The following question is reputedly one of many that Google may ask prospective job candidates:

Imagine a country in which every family continues to have children until they have a boy. If they have a girl, they have another child, and continue until they have a boy, then they stop. What is the proportion of boys to girls in the country? You should assume that there is an equal probability of having a boy or a girl.

The question has been discussed at length on the Internet and this site is one of many that provide an answer. The answer is correct (approximately the same number of boys and girls) but I doubt whether the way it is derived would help to get you a job with Google. There are numerous other similar posts, most of which give the correct answer, but all but a few miss what I believe is the point of the question. It is an example of misdirection; the question describes a strategy for ensuring that all families have exactly one boy and zero or more girls, but what it asks for is the overall distribution of boys and girls in the country as a whole. The way the question is stated leads you to believe that the strategy will affect the overall distribution - but does it? Anyone with some knowledge of probability should then realise that no strategy that involves stopping after a certain number of children can affect the overall proportion, because all births are independent events. In the population as a whole the probability that the next child, born anywhere in the country, will be a boy is 0.5, regardless of how many boys or girls have already been born, so the proportion will be 50:50. Of course the proportion will rarely be exactly equal because the gender of the children are random events, in fact they form a binomial distribution, but for large populations it will be very close to 50:50.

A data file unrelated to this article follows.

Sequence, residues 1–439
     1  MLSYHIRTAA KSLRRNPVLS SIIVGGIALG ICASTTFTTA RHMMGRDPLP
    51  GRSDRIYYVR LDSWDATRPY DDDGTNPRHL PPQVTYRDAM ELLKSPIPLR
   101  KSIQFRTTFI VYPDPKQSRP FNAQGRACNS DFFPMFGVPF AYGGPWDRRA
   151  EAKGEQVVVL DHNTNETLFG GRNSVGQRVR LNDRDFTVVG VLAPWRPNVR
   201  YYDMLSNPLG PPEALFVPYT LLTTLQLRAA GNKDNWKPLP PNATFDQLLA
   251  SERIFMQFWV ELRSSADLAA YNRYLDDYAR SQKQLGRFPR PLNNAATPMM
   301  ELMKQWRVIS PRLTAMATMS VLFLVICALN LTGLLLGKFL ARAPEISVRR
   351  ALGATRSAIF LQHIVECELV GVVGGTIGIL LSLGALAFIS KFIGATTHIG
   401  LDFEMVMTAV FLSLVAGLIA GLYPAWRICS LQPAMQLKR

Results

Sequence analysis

To many people this is counter intuitive - probably because the strategy clearly does affect the make up of every individual family. Consider another country where they adopt the strategy of stopping after having exactly two girls. The only family distribution you would find on both countries would be two girls and one boy (but in a different order); the overall distribution however would still be 50:50.

## 24 February 2010

### Google and Family Planning!

Labels:
binomial-distribution,
boy,
child,
girl,
Google,
misdirection,
probability

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